Salient. Newspaper of Victoria University of Wellington Students Association. Vol 41 No. 3. March 13 1978
News from Malaysia and Singapore
News from Malaysia and Singapore
Rice Crop Disaster
Sever drought in north Malaya has so depleted the irrigation dams that the Malysian government has decided to abandon the off-season padi crop in the Kuala Muda irrigation scheme area, which covers 230,000 acres in Kedah and Perlis. This will result in the loss of 235,000 tons of rice valued at $169 million, and will adversely effect the livlihood of the 60,000 families families in the area.
According to the chairman of the Muda Agricultural Development Authority (MADA), Datuk Syed Nahar Shahabuddin, the depletion of the dams was due to a series of events. Serious drought in late 1976 and early 1977 had reduced water reserves by half by September last year.
Furthermore, the absence of expected heavy rainfall at the end of last year meant that water from the dams had to be released to save the current main-season padi crop from withering, thereby further depleting water reserves which should have been used on the next (off-season) crop to be planted in March this year. Consequently the dams presently do not have adequate reserves to water the padi fields in the Muda area to a height of at least 6 inches throughout the maturing period of the high yeilding variety (HYV) rice plants, which is essential to ensure a good yeild. In the light of the severe water shortage the government has decided to abandon the off-season crop, and water will not be released by MADA for irrigation purpose during that period.
Ironically it is the government's introduction of the HYV rice that has partly contributed to the abandonment of the off-season crop. The HYV rice — or "miracle" rice — will produce high yeilds only under ideal conditions. Unlike the hardy traditional rice, which has evolved through thousands of years of natural selection, HYV rice is a delicate plant that is very vulnerable to disease and requires a lot of nutrients and water. The absence of an essential element e.g. optimum irrigation, may cause HYV rice to produce even less grain than traditional varieties.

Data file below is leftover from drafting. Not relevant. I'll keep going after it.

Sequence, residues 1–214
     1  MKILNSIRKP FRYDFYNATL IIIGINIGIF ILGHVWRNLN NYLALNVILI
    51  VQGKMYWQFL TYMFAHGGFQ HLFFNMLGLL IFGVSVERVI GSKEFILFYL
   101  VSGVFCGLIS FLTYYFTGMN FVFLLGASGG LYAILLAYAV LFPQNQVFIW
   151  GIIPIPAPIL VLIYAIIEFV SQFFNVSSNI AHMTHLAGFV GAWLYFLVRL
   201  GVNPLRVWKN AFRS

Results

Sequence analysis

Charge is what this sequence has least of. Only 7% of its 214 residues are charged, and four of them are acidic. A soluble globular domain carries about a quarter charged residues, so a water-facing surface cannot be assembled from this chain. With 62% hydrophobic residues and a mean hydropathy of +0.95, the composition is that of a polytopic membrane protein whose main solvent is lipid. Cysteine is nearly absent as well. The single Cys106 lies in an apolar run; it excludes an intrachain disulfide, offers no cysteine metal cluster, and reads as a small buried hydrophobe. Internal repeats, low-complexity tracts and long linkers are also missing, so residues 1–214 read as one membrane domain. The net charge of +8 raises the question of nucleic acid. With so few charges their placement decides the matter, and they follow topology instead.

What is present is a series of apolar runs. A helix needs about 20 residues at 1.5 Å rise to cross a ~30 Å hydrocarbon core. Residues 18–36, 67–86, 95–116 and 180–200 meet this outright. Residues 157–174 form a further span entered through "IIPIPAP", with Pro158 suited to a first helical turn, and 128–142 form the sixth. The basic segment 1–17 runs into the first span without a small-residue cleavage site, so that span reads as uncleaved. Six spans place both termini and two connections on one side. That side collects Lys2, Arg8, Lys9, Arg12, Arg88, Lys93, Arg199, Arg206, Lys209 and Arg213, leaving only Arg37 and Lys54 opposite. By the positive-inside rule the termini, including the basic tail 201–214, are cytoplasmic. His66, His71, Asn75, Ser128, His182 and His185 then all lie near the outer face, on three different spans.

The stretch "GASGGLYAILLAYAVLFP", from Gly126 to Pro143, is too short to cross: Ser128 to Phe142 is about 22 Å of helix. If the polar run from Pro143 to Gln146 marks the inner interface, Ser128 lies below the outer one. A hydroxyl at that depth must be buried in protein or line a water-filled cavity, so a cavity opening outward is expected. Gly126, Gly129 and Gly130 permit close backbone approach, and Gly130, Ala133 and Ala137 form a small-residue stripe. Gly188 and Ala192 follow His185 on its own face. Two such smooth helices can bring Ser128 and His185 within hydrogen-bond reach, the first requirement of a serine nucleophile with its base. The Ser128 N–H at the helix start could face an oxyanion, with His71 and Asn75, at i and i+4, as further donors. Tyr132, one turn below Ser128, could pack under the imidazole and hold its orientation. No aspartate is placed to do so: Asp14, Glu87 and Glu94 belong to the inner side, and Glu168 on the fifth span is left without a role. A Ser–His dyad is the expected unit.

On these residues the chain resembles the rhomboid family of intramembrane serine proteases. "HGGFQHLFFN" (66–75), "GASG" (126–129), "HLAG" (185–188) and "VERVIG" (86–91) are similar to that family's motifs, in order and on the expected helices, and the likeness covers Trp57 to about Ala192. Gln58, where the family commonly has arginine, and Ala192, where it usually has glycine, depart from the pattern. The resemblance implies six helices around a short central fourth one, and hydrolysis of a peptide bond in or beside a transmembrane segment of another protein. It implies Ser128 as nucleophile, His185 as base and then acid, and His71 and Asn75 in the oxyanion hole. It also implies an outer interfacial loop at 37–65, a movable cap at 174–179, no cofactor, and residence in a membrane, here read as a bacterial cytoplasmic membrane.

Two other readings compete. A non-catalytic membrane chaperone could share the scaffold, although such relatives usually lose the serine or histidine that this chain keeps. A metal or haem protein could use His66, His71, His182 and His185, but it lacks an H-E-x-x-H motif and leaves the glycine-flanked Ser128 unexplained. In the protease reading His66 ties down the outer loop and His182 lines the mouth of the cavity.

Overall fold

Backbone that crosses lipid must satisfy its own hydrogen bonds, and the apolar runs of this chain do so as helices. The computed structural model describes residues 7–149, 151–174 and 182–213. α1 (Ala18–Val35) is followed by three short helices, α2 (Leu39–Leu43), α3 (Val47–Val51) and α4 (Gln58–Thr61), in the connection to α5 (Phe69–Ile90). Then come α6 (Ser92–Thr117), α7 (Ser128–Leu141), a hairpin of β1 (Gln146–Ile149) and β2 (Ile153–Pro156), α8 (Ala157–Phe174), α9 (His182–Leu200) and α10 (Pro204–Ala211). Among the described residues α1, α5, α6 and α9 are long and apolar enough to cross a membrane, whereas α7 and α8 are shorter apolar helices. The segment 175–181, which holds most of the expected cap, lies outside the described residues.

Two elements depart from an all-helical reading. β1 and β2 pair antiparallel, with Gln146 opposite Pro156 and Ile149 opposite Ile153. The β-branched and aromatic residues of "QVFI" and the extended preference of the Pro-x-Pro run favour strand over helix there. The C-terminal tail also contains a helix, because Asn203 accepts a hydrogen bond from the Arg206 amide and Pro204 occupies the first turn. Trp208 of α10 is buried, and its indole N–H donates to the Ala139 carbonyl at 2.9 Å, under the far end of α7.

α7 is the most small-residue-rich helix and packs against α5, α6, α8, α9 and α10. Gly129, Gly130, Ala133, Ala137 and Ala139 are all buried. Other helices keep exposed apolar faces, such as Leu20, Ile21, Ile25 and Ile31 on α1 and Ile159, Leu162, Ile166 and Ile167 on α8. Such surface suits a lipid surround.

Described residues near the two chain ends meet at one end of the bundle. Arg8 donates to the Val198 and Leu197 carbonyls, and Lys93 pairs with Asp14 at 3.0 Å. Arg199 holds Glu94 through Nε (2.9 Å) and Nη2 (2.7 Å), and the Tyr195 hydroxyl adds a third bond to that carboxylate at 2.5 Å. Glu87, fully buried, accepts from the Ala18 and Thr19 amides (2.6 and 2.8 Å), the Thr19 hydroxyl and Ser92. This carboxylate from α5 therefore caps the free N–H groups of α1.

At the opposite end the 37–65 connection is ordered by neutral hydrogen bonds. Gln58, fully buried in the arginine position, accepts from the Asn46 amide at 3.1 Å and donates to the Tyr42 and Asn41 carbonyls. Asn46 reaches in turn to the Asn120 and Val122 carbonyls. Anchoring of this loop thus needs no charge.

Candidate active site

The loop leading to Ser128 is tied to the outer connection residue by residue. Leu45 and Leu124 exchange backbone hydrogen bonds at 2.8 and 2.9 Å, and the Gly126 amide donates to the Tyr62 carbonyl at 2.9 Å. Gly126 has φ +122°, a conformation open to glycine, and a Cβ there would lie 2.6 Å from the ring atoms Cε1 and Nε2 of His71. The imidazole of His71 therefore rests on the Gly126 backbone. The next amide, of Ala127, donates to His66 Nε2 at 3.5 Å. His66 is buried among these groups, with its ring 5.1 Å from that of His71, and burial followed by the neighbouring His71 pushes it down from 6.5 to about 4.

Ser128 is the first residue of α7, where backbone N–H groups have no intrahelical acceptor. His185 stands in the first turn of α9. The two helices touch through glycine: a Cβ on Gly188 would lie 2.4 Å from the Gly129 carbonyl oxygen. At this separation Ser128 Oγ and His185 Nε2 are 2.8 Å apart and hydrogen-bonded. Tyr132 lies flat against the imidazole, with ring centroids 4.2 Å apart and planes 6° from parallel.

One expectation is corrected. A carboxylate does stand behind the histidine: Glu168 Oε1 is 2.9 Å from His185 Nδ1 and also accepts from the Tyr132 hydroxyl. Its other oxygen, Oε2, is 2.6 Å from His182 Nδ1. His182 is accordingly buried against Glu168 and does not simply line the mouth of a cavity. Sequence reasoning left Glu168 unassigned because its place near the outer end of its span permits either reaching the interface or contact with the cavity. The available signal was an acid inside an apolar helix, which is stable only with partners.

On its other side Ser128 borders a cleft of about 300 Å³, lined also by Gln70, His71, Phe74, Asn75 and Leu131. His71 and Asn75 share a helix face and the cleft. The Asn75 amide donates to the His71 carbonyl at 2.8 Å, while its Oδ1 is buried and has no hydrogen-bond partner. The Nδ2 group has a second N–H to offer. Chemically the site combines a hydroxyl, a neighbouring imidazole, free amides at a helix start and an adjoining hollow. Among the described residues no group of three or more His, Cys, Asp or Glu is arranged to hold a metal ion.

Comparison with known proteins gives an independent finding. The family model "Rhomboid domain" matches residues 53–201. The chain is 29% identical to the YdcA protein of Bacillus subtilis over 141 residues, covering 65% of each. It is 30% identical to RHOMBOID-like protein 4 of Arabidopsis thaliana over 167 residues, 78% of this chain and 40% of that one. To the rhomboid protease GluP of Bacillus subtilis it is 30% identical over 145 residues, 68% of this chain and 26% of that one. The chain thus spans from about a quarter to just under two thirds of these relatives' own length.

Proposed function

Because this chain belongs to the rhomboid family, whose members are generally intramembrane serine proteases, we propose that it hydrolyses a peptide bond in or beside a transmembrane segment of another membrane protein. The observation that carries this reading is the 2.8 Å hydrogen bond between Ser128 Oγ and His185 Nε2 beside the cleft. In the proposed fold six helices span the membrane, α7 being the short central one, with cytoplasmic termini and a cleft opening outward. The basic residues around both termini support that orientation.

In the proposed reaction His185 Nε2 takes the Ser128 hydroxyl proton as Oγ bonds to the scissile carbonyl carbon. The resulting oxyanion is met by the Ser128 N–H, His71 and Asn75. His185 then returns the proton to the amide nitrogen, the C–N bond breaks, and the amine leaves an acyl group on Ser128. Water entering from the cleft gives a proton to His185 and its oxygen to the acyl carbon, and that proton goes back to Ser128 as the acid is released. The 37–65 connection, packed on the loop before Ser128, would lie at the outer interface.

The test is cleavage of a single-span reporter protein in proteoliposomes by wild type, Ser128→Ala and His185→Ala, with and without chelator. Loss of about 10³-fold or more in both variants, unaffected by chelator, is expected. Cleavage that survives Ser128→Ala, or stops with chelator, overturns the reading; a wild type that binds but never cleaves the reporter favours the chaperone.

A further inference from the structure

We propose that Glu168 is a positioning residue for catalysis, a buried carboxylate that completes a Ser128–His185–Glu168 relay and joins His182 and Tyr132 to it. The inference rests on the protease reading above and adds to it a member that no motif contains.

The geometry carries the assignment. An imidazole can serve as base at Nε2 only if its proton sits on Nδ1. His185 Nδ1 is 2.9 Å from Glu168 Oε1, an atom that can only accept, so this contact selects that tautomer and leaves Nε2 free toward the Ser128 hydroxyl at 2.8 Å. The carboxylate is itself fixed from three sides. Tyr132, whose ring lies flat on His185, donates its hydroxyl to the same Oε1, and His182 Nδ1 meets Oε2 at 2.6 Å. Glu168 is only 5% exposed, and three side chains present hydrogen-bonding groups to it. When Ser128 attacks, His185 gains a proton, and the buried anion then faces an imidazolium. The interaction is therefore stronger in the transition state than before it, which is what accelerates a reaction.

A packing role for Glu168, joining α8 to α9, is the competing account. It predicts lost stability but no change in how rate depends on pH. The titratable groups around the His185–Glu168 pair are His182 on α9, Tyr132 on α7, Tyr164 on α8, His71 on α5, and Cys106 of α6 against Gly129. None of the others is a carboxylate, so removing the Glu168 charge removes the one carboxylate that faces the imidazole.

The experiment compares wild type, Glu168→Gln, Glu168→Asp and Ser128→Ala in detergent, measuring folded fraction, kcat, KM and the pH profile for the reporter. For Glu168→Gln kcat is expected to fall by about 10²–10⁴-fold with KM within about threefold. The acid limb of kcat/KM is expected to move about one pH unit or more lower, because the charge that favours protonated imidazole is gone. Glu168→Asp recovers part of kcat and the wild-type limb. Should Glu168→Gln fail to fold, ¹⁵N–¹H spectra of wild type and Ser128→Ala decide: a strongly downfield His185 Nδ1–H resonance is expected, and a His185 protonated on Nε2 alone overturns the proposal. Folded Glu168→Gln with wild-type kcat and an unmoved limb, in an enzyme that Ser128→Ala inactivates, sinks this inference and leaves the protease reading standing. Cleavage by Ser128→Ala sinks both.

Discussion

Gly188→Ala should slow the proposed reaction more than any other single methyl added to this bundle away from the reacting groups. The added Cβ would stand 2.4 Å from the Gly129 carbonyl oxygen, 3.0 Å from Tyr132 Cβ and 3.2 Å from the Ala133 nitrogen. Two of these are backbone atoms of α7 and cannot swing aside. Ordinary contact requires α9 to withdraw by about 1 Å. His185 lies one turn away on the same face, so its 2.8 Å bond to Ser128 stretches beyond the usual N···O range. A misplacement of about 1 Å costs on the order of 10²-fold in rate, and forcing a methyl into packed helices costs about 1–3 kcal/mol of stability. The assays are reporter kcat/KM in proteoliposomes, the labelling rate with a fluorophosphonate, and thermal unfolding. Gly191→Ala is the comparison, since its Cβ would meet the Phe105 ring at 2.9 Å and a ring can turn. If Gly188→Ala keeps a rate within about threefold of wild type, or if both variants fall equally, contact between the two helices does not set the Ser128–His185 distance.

The introduction of HYV rice to Malaysia and other parts of South East Asia in in the sixties — the "Green" Revolution —was intended by the World Bank and the local ruling elites to stave off the "Red" (i.e. communist-led) Revolution by increasing rural productivity and thereby incomes without the need to undertake land reform, which has been strongly resisted by big land-owning interests entrenched in the government.
However, without land reform, the root cause of peasant poverty — land hunger arising from unequal distribution of land-still remains. In fact, the present crisis will throw this root problem of tenant fanners into clearer perspective. While all 60.000 families in the Muda area will be adversely affected by the loss of the offseason crop, the most severely hit will be the 21,000 families of tenant farmers, who are the poorest group with the least savings to fall hack upon.
The government, no doubt acutely aware that peasant discontent was one of the chief factors that led to the downfall of the Thai military dictatorship in October 1973, has already announced measures to assist the affected farmers, especially the tenant farmers. $6.3 million will be spent on giving employment to tenant farmers e.g. clearing irrigation canals, repairing farm roads. Vegetable (e.g. cabbage) seeds, chicks, and fish fry will be distributed to enable them to earn income from other sources.
Another measure to alleviate the farmers' hardship was a directive to Bank Pertanian (Agricultural Bank) to give a year's grace to affected farmers on repayment of loans obtained through the Farmers' Organisations Authority (FOA). However, this measure will help mainly rich peasants as most poor (tenant) farmers are unable or unwilling to obtain FOA loans because these lending arrangements are biased against poor farmers e.g. the farmers' organisations generally demand relatively high membership subscriptions, ration credit according to the size of a member's farm, stipulate that credit be used for production purposes only (whereas poor farmers often require loans for their families' subsistance), and set strict conditions on security for loans extended e.g. land deeds, or buffalo licence.